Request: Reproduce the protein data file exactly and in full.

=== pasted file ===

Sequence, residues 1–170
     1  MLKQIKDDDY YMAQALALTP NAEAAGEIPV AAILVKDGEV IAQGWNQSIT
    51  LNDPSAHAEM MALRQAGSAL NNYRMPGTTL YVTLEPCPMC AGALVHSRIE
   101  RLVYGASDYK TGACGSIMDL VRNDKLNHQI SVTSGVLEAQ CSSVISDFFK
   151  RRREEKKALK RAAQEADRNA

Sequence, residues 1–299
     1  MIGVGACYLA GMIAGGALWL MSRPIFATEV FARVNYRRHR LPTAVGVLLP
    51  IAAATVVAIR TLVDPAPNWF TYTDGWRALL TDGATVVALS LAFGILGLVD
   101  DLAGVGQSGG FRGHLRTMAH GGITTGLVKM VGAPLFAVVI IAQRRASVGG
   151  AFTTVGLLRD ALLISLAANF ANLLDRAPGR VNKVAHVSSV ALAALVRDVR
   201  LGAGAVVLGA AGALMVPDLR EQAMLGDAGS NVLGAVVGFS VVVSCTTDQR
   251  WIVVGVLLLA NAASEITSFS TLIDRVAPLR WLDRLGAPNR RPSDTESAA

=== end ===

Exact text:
Sequence, residues 1–170
     1  MLKQIKDDDY YMAQALALTP NAEAAGEIPV AAILVKDGEV IAQGWNQSIT
    51  LNDPSAHAEM MALRQAGSAL NNYRMPGTTL YVTLEPCPMC AGALVHSRIE
   101  RLVYGASDYK TGACGSIMDL VRNDKLNHQI SVTSGVLEAQ CSSVISDFFK
   151  RRREEKKALK RAAQEADRNA

Sequence, residues 1–299
     1  MIGVGACYLA GMIAGGALWL MSRPIFATEV FARVNYRRHR LPTAVGVLLP
    51  IAAATVVAIR TLVDPAPNWF TYTDGWRALL TDGATVVALS LAFGILGLVD
   101  DLAGVGQSGG FRGHLRTMAH GGITTGLVKM VGAPLFAVVI IAQRRASVGG
   151  AFTTVGLLRD ALLISLAANF ANLLDRAPGR VNKVAHVSSV ALAALVRDVR
   201  LGAGAVVLGA AGALMVPDLR EQAMLGDAGS NVLGAVVGFS VVVSCTTDQR
   251  WIVVGVLLLA NAASEITSFS TLIDRVAPLR WLDRLGAPNR RPSDTESAA